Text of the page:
Up-Is-Downism Award: Turd on the Run

You read this stuff and there are some articles that just seem to deserve special acclaim for diving boldly through the looking glass. It's so perverse it's almost unanswerable. Starting today, I'll be conferring a special award to teh most awesomely l33t mind-bender of the week.

So the inaugural Up-Is-Downism Award goes to R. Emmet Tyrrell, founder and still champion at the anti-Clinton scandal sheet, theAmerican Spectator. R. invites us to sympathize with the dilemma now facing President Bush, as this gentle uniter finds himself thrown to the ravenous Democratic wolves. Some excerpts [subtext in bold]:
The story here in this great city is that President George W. Bush, leader of the vanquished Republicans, is reaching out [middle finger extended] to the triumphant Democrats on Capitol Hill. [...]

What the Republican base might find reassurance in is that this is not a New Bush. He came to Washington believing in this sort of collegiality. He thought he experienced it in Texas with a Democratic legislature. He imagined he would experience it in Washington. My guess is that one of his greatest disappointments as president is that there has been so little consensus in Congress and so much partisanship. [No doubt Karl Rove was equally disappointed.] [...]

Mr. Bush spent most of his adult life as a businessman, not as a politician. For about two decades, as Mr. Bush was working in [failing upward through] the private sector and the likes of Nancy Pelosi and the Clintons were politicking, a growing partisanship was overtaking politics.
Okay, I just have to stop for a moment and catch my breath, make sure everyone's paying attention here now, because this next part is just absolutely delicious. Ready? Ok.
The Clintons and their cogenerationists were the main reason for it.
Ohhhhhhh MAN that's some good stuff. Oh yeah, sorry - the subtext:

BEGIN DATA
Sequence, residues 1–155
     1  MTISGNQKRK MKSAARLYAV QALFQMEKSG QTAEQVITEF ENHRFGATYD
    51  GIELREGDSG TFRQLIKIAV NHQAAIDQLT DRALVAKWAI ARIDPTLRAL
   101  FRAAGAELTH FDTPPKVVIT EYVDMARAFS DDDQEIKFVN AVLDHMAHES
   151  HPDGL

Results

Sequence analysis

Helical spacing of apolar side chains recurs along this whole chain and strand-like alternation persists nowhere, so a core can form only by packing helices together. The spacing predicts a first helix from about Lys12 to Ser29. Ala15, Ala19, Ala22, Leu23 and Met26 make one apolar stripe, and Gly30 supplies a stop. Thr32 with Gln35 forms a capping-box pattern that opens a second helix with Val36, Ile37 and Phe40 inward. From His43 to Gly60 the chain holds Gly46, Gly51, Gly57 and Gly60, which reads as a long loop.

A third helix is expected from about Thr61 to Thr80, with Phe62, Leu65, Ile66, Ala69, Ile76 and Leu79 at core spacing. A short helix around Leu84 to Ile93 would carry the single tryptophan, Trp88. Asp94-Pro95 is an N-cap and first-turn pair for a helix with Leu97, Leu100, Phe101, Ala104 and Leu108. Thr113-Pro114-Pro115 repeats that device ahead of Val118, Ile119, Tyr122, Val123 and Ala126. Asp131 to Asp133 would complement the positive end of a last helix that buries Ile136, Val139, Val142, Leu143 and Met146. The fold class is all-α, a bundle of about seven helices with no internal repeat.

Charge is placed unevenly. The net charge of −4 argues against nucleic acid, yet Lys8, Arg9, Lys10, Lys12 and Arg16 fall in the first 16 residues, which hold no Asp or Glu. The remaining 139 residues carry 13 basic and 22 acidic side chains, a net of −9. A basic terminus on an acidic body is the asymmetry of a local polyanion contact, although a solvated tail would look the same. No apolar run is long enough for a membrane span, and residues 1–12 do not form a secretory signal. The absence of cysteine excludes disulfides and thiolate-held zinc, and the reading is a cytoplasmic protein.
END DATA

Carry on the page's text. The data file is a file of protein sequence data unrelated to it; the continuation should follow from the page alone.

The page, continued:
[Says the rag that made its entire name and reputation with a series of vicious Mellon Scaife-funded partisan slanders on the Clintons!!]
Okay, it goes on, but I think we've seen more than enough to declare a winner.

ALSO AT THE AMSPEC, Quin Hillyer outlines conservative resolutions for the new year: support the 'surge,' embiggen the military, kill the nanny state, take a bite out of crime, and be really, really ethical. Meanwhile, "The Prowler" begins the political deathwatch for Republican Senators Warner and Sununu, and Pia de Solenni says there are two kind of women: women who want to get married and thus end up having lots of lonely premarital sex (and here she coins the phrase of the week: "sex without context"), and women who don't care about other people and thus remain happily chaste. (She also earns bonus points for using examples from Sex and the City without even knowing the characters' names, referring to Samantha only as "the promiscuous blonde.")


AT THE WEEKLY STANDARD, Fred Barnes wishes President Bush would shut up about Social Security and start talking up Health Savings Accounts. Any deal that Bush could make on Social Security would be unacceptable to conservatives ("Were Bush to approve a substantial tax increase without any compensating reform, he would sever his last solid link with conservatives"). But now everyone's talking about health care, and here conservatives have a chance to get in at the ground floor. Plus, it wouldn't require horse trading!
To extend their use, Bush doesn't need the approval of Democrats, most of whom oppose HSAs. Legislation passed in the lame duck session of Congress made it easier for companies and individuals to sign up. All that's required of the president is to mount the bully pulpit to spread the good word about HSAs and promote their use.